Surfing the internet

  • When surfing the internet, look at each website address and be sure it begins with https:. This symbol indicates the site is legitimate.
  • Never Ever download information from a website you do not know is secure. Good security software can notify you that you may be heading for trouble by asking if you are sure this website is safe.
  • Social media sites, such as Facebook, Instagram, etc., are venues you must also be careful of. Y’all shouldn’t post ANYTHING you don’t want to be shared with the world. Once it is posted, it is there forever!
    • Do not choose the “connect” or “friend” options or associate with anyone you do not know.
    • Before accepting a friend request from someone you know, visit that person’s profile. Look for their friends list and see if you have acquaintances in common. Look at their information to determine if it is really them (does what you know about them line up with the personal information listed on their page)?
    • Do not accept a request from any strangers. Stranger danger is as real on the internet as on the street. Such a breach can expose your personal information to hackers, who can use it to set up fake accounts and, in some cases, fake financial accounts.
    • Wait to post pictures of your fabulous vacation AFTER you get home. No need to let everyone know your home is empty!

Email is a great way to communicate with people and conduct our business. It also is one of the most common conduits hackers use to get your information. Scams abound in this venue. Here are a couple of rules of thumb you need to follow as you navigate the world of emails:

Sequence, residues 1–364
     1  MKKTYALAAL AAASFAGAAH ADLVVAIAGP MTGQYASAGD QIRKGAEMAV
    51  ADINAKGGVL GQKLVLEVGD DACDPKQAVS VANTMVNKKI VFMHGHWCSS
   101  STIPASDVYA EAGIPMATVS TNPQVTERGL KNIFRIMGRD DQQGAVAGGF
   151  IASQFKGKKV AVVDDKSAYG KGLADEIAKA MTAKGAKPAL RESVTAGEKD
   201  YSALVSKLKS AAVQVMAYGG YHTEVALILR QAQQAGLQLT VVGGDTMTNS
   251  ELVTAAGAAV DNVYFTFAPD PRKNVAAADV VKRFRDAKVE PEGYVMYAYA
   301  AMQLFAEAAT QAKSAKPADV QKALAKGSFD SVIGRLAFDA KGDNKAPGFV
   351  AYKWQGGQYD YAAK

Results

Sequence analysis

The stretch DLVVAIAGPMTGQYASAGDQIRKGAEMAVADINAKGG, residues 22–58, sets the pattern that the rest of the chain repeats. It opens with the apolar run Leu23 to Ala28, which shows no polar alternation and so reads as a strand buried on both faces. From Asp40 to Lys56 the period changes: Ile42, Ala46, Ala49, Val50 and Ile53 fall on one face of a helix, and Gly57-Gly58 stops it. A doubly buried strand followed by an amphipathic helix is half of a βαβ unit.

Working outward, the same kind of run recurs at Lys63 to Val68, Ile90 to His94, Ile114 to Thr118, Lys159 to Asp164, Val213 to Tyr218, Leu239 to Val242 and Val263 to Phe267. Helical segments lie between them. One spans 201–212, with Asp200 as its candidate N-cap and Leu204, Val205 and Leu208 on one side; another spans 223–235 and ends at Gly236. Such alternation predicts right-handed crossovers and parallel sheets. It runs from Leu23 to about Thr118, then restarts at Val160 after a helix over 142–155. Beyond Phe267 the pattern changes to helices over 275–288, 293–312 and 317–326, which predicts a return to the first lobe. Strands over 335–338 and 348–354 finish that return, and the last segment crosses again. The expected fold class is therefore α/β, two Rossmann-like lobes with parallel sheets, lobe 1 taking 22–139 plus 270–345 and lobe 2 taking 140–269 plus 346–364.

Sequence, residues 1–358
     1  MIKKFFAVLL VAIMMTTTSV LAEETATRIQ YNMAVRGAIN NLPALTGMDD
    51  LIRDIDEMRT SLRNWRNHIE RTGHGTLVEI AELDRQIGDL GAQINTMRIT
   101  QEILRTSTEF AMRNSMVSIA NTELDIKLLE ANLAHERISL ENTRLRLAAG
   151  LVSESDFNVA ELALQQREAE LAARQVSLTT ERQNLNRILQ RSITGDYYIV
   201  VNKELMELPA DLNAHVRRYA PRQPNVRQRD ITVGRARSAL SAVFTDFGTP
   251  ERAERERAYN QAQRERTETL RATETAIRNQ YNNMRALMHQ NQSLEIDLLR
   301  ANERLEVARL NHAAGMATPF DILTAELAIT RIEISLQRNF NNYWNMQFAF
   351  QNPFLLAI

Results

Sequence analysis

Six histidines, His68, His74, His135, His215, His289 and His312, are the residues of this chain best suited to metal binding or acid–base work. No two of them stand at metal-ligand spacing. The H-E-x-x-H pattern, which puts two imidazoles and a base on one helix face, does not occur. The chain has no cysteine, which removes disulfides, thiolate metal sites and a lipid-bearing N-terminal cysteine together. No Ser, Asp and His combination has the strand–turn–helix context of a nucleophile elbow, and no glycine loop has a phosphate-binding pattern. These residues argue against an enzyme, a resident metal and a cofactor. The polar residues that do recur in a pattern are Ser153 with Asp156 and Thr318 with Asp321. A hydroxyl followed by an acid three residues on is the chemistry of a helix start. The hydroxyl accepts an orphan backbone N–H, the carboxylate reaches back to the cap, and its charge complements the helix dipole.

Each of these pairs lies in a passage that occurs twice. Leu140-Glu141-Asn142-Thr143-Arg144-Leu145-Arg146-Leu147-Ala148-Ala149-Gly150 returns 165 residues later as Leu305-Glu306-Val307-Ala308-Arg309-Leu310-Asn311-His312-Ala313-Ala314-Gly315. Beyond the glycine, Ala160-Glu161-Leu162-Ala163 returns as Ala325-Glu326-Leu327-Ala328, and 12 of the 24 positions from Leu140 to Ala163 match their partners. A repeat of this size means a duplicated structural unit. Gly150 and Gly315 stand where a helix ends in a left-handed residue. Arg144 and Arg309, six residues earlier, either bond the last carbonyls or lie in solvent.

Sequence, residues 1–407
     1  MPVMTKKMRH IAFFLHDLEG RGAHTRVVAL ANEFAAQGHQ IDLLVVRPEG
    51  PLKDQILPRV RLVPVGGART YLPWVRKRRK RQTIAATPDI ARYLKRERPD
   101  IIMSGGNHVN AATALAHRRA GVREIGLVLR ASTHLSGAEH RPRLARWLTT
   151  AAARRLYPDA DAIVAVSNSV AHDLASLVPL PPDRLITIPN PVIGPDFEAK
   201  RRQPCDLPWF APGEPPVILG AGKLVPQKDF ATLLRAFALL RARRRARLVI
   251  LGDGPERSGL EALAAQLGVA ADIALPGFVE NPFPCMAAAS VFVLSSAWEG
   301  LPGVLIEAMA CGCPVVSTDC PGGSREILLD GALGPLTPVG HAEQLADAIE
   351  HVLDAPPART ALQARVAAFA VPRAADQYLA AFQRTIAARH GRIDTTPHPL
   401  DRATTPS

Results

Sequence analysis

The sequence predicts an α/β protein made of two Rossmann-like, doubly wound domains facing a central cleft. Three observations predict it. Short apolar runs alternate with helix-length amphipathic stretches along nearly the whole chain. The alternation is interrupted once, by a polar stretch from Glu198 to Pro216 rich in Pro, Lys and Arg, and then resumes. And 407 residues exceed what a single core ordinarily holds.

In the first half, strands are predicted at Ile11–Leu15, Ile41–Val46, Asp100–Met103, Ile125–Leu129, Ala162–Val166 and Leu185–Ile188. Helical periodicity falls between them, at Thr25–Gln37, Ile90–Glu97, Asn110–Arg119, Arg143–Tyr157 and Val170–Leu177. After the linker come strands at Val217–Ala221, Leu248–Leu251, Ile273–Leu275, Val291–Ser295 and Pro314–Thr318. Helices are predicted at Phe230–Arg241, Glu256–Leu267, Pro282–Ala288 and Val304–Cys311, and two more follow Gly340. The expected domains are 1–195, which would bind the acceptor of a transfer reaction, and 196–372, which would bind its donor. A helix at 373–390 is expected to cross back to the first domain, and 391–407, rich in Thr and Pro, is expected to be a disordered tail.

• Know the sender! Only open an email whose origin you are familiar with. Many scammers will try to hide their true identity by seeming to originate from a respected source such as a financial institution. Check the sender’s address to be sure it is from that party, and then only open it if you are familiar with the sender. There are so many variations of scams; covering them all is impossible. When in doubt, call the sending institution or do as we do, hit “Delete.”
  • Attachments. Never open or download an attachment if you are not absolutely certain of its origin. Rogue attachments that plant malware or spyware on your computer can gain access to accounts and passwords, allowing them to steal your information.
  • Pay bills online. Whether you are paying a utility bill or shopping online, you will need to enter your credit card or banking information. Before you do, verify the recipient is legitimate. You can do this by phone, in some instances, or by looking to ensure it is a trusted and secure site. Here is a link to help you make sure you stay safe. Never pay bills or shop online with a debit card. Only use a secure credit card.

There are wonderful benefits to becoming part of the digital world. We hope these tips get you started down the safe path.

Join Rosie on the House every Saturday from 8 a.m.-11 a.m. on KTAR News 92.3 FM. If you’d like to send us questions or comments, email [email protected]. Follow us on X and “Like” us on Facebook. For more do-it-yourself tips, go to An Arizona home building and remodeling industry expert since 1988, Rosie Romero is the host of the syndicated Saturday morning Rosie on the House radio program. Call 888-767-4348 with questions & comments.